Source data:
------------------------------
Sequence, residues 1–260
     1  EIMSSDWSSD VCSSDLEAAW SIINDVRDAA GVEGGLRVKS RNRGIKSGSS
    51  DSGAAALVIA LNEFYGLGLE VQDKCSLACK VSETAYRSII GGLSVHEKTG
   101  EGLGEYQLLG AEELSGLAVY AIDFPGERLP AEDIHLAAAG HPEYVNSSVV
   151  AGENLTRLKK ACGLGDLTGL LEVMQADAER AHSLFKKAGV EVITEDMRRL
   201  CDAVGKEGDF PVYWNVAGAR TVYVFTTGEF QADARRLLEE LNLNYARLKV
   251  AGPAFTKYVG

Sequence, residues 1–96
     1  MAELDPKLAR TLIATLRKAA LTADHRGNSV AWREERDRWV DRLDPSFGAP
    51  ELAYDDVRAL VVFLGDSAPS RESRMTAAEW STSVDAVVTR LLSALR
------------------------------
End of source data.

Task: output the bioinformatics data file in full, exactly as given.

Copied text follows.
Sequence, residues 1–260
     1  EIMSSDWSSD VCSSDLEAAW SIINDVRDAA GVEGGLRVKS RNRGIKSGSS
    51  DSGAAALVIA LNEFYGLGLE VQDKCSLACK VSETAYRSII GGLSVHEKTG
   101  EGLGEYQLLG AEELSGLAVY AIDFPGERLP AEDIHLAAAG HPEYVNSSVV
   151  AGENLTRLKK ACGLGDLTGL LEVMQADAER AHSLFKKAGV EVITEDMRRL
   201  CDAVGKEGDF PVYWNVAGAR TVYVFTTGEF QADARRLLEE LNLNYARLKV
   251  AGPAFTKYVG

Sequence, residues 1–96
     1  MAELDPKLAR TLIATLRKAA LTADHRGNSV AWREERDRWV DRLDPSFGAP
    51  ELAYDDVRAL VVFLGDSAPS RESRMTAAEW STSVDAVVTR LLSALR